Editorial #13 – The End of the Beginning


Hello Gauchos!

At long last, we have reached our final destination. Graduation is in a few days, summer is about to commence and all of you find yourselves at the very end of this school year’s string of editorials. And while I’m sure some of you are probably absolutely ecstatic to hear an end to my incessant soapbox rambling, I hope I have been of use to you all throughout the year. I hope I have provoked some new idea or thought within you that has impacted you for the better.

Now, given that this is indeed the very last editorial I will be writing at Casa, I have decided to share some final thoughts and recollections from my experience through the years.

More specifically, I want to share a series of concepts and ideas that I have discovered and have been contemplating for some time now.

For seniors who are reading this right now (myself included), we are on the very cusp of adulthood. Graduation is right around the corner and as soon as those green caps make their way skywards on the field, we will have officially done it. No more work, no more red tape, no more waiting. We will have made it to adulthood.

Now, when that happens, there will of course be a great deal of celebration and happiness and giddy delightfulness that emanates throughout the entire town in a thundering, cacophonous roar. The future will await us and it will appear as bright as the sun.

But alongside that tremendous joy, there will be a certain pedigree of melancholic nostalgia as well. The type by which one looks back upon their lives, considers their childhood for a while and makes comparisons to what it felt like being a kid just a few years ago.

So, we will feel that sense of nostalgia of our past, our personal reflection of the present and our hopeful vision for ourselves in the future. All of these points of time mesh together into one singular complex emotion.

Boom. Right there. In that exact instantaneous moment of time where one feels that strange sense of nostalgia, satisfaction, certainty and brilliance, everything feels complete.

There is actually a name for this emotion: hiraeth. It’s a Welsh word that doesn’t translate into English very well, but it essentially describes a feeling of longing, nostalgia and sometimes melancholic memory that can resonate within a certain person when viewing certain images, hearing certain kinds of music or being poised in certain situations.

You may know absolutely nothing about the nature of the specific situation, music, images or media before you. You likely have not a clue as to the where, when, who, why and how. But somehow, by some miracle, experiencing it just feels right. It feels proper. It feels correct. It feels good. And that is the crux of this concept of hiraeth: feeling a sense of completion towards something that may not even be complete.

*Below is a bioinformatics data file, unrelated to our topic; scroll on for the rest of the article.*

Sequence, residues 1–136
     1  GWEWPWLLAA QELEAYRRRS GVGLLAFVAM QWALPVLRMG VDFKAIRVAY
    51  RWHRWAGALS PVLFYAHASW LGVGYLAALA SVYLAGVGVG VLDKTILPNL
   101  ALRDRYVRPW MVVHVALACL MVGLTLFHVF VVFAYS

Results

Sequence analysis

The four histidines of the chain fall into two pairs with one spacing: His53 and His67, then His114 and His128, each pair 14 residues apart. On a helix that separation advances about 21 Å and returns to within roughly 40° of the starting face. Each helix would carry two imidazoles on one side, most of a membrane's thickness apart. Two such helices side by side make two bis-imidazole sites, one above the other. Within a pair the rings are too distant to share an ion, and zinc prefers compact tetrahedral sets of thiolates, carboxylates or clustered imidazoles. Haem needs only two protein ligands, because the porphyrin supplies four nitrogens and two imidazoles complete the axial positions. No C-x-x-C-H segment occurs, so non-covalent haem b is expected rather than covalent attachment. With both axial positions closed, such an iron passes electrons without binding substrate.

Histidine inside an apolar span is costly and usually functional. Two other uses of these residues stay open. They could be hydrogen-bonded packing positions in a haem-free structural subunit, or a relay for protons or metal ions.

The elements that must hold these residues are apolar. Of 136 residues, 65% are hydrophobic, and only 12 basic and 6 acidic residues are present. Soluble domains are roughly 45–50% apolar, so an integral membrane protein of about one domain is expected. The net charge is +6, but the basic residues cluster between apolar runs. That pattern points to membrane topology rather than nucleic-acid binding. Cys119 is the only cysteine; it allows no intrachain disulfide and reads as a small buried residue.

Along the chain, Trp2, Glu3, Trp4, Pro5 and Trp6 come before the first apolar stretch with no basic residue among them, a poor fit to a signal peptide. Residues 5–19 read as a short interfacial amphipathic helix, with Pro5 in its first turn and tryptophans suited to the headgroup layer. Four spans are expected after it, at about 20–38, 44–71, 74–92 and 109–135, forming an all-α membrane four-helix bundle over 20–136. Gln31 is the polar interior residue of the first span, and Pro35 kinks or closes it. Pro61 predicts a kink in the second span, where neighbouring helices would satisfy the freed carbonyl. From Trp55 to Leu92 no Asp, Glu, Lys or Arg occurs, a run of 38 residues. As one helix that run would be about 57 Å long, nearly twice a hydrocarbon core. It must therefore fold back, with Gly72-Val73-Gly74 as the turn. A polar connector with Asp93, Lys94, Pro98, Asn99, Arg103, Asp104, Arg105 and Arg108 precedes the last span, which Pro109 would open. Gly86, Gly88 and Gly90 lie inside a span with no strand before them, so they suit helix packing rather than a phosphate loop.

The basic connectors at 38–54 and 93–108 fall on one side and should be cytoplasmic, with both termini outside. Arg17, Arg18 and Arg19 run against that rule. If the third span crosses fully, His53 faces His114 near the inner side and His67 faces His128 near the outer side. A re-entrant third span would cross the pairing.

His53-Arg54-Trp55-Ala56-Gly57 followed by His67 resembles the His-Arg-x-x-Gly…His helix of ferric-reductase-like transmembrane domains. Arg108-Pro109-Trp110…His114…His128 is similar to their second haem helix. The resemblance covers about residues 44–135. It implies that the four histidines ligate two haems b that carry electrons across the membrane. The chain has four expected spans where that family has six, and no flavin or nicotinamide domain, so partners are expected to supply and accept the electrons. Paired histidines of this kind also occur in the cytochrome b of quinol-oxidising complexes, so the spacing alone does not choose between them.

Now, from what I have seen, heard and felt, there are few different “flavors” of hiraeth that depend upon the specifics of such a “complete” situation.

For example, there’s what I call conclusionary hiraeth, which feels like the moment the end credits start rolling to a movie with a really good ending. A great instance of this would be listening to the song “Dancing in the Moonlight” by King Harvest at sunset just after the graduation ceremony. You would not only feel like you’re having a “main character moment”, but you’d feel that sense of accomplishment, nostalgia and therefore hiraeth right alongside it.

Another version of hiraeth is inspirational. This incorporates one’s “future vision” such that they feel such great pride in their accomplishments that they feel deeply inspired to continue thriving and moving forward in the future. “In This Shirt” by The Irrepressibles is another great tune that fits rather well with this thematic statement, offering a sense of inspiration and nostalgia that rocks one to their very core.

These are just a few of these “flavors”. Everyone experiences emotions a little differently and interprets the world differently, so there are thousands upon thousands of different variations that could be felt, some common, some more rare in nature.

During a recent camping trip, my dad had his own version of this emotional response. I was just playing some random songs on my phone and at one point, the song “Dog Days are Over” by Florence & The Machine came on. He immediately recognized it.

He told me of the time that he quit his job at Wells Fargo after finding a much better one working for an insurance company, and how this was the song that played during the car ride home.

He hadn’t had a very good experience near the end of his time at Wells Fargo, so the part where the song rang out with “…and the dog days are over,” really rang true with him. It became one of his most favorite songs that day.

Since then, he hadn’t heard that song in quite a while, and I only learned of his connection to it once I played it for him. 

Certain music, images and media can have situations and events directly tied to them that characterizes that medium to such an extent that it “burns” an emotion into that medium. Thus, whenever someone views or hears or interacts with that medium, a similar, perhaps more muted response is triggered as if that person is experiencing that moment all over again.

In a way, it’s similar to PTSD in that you relive those emotions, but not so much that the emotions are completely negative and instead shed only positive light upon the person experiencing it.

If you ever have any questions, comments, or concerns about a particular article, or you have a suggestion for one, please don’t hesitate to leave us a comment, write us a letter, or send us an email. This is Owen Davis, Casa Revista Editor-in-Chief, signing off.


Seize the Day,




Owen Davis

Editor-in-Chief, 2022-2023